Remote working can save employers and employees money, but unless you have the right tools, it can also leave workers disconnected and struggling to communicate.

It took a host of technological developments – from mobile devices to high-speed internet – to allow employees in different locations to connect and work together. Now a new generation of innovators are creating the tools to make remote workers more productive and collaborative than ever.

Just like being in the same room

Face-to-face communication matters. As Justin Kruger at New York University has shown in his report Egocentrism Over E-mail, misunderstandings are common over email, even when we think we’re getting our point across well. There’s no substitute for eye contact, body language and vocal inflections.

Videoconferencing software allows us to benefit from these subtle aspects of communication even when employees are in far-flung places. An easy place to start is with free options such as Apple’s FaceTime or Google Hangouts.

As online meetings become more crucial to your business, you could try dedicated business solutions with features like online whiteboards, try or Microsoft Office integration with Skype for Business.

Virtual and augmented reality are set to further transform business communication. Products such as Meta and Microsoft’s Hololens allow workers miles apart to share 3D objects using holograms or special headsets for incredibly lifelike product visualisation or immersive training.

Keeping track of progress

Even when everyone is together in one office, keeping track of progress can mean time-consuming meetings. When employees are all located in different places, it can be a huge logistical challenge.

Progress-tracking software such as I Done This is designed to replace meetings. The tool reminds each staff member to update their progress at the end of the day and the information is then collated in a morning digest to make sure everyone stays in sync.

For more detailed project management, Trello uses a system of shared boards, cards and lists to help monitor progress. Staff can create activity logs, discuss what they need to do in real time and keep everyone up to date.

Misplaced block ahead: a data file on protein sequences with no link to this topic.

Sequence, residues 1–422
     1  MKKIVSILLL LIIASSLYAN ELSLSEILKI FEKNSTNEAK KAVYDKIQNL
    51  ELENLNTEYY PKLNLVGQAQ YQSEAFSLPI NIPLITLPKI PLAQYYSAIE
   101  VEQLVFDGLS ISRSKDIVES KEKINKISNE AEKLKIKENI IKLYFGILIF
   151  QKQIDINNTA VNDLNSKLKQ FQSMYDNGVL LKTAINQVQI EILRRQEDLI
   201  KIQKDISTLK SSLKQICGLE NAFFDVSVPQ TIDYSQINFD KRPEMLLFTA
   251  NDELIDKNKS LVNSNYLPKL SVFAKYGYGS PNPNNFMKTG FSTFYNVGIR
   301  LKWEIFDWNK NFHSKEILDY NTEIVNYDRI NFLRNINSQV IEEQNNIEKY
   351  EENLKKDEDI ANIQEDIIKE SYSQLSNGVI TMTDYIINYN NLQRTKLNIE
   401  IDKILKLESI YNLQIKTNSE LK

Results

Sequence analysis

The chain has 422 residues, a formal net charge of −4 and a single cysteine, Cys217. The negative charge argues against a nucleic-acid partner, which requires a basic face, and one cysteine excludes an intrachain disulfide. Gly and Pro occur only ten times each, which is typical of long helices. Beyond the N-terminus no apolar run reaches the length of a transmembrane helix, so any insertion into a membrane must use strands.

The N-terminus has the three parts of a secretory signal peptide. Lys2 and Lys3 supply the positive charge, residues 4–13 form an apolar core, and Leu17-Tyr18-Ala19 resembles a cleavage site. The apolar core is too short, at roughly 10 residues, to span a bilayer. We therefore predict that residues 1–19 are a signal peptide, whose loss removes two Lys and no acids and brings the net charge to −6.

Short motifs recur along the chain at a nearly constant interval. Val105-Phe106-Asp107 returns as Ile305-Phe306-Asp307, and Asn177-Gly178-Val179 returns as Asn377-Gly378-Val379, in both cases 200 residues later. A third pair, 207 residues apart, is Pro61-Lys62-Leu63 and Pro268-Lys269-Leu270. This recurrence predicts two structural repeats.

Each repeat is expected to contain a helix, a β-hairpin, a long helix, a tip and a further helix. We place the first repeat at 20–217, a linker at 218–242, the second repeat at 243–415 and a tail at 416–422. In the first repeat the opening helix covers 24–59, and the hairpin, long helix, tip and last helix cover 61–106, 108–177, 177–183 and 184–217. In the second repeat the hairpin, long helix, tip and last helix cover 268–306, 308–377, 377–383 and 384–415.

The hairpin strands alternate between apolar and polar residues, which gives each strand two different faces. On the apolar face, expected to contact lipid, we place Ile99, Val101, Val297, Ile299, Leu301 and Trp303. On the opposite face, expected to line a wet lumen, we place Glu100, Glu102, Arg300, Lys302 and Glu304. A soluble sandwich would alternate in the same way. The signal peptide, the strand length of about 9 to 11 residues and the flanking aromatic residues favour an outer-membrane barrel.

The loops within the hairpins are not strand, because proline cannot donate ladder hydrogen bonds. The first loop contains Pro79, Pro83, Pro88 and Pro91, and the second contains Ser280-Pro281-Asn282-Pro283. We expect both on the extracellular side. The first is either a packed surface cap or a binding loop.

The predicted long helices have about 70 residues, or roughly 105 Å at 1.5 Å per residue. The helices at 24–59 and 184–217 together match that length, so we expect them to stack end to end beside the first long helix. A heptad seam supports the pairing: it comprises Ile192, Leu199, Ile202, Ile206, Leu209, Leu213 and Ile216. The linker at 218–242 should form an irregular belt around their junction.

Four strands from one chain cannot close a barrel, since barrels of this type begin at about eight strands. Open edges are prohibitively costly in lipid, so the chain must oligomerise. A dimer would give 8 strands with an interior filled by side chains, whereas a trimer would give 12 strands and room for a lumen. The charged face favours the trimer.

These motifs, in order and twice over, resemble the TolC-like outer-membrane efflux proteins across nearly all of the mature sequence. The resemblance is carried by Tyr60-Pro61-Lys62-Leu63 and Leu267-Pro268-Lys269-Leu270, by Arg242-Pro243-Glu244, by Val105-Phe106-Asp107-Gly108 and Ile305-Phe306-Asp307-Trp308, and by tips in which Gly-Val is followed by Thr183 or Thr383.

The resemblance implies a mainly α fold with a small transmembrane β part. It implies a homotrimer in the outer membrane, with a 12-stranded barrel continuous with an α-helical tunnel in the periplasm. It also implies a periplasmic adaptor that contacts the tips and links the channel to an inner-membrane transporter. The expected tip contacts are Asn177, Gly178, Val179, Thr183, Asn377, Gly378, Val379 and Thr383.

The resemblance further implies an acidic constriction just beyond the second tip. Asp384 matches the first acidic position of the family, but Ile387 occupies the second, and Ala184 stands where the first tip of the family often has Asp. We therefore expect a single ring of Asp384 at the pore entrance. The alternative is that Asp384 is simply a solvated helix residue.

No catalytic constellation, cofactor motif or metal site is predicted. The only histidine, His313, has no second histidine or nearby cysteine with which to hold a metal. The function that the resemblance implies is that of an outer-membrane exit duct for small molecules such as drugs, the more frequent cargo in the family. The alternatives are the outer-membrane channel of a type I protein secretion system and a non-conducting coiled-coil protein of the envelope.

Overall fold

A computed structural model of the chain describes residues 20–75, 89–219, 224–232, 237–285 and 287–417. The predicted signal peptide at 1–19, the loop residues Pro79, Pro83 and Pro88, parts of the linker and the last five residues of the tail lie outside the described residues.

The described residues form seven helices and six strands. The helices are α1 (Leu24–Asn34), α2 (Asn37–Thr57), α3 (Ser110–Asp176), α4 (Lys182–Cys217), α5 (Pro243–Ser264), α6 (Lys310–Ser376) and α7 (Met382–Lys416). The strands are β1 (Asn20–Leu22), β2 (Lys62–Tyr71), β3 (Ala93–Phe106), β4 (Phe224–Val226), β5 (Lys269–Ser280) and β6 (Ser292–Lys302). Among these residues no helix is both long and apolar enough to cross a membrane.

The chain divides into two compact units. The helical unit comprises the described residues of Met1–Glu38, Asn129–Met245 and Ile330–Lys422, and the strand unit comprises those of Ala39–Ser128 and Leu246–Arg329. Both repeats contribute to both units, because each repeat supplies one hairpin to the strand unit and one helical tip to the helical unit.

Freeing you from email chains

Anyone working with colleagues in other locations will be familiar with the problem of getting tied up in endless email chains. Created in the 1970s, email wasn’t designed to cope with the volume of communication in today’s business world.

A couple of companies are trying to help businesses break free with better instant-messaging systems. Slack has rapidly grown to more than six million users with its fast and simple communications.

Its users appreciate the way it creates a shared workspace where conversations are organised and accessible – cutting down on redundant conversations while keeping everyone included.

Alternatively, there’s Stride, which aims to offer many of the same features as Slack while also focusing on integrated video and voice conversations. In addition, it offers a feature that makes it easier to turn conversations into action items.

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Getting creative together

Sometimes meetings aren’t about agendas and reports – they’re freewheeling creative spaces where you develop strategy and ideas.

With online mind-mapping tools such as MindMeister, the whole company can share ideas securely in real time. The results of the brainstorming session are clearly captured in a visual representation of the connections, relationships and hierarchies, so it’s easy to see the bigger picture.

Heads in the cloud

The last piece of the puzzle for working remotely is having a system for sharing documents. In the early days of remote working this might have meant endlessly emailing new drafts and trying to keep track of which was the final version. Now it means working in the cloud – where documents are stored online and updated instantly for everyone using them.

Google Apps – renamed G Suite – popularised real-time collaboration on online documents and it’s now become a central feature of the industry-standard Microsoft Office suite.

For companies working with specialist applications or sensitive information, standard cloud services might not be an option. Instead, they can use a Virtual Private Network (VPN). This creates a secure gateway for remote workers to log in to the company’s servers, accessing the applications and data that they need. So you can add flexibility without compromising on security.

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The post Work remotely? What tech to use now, and next appeared first on Work Hong Kong.

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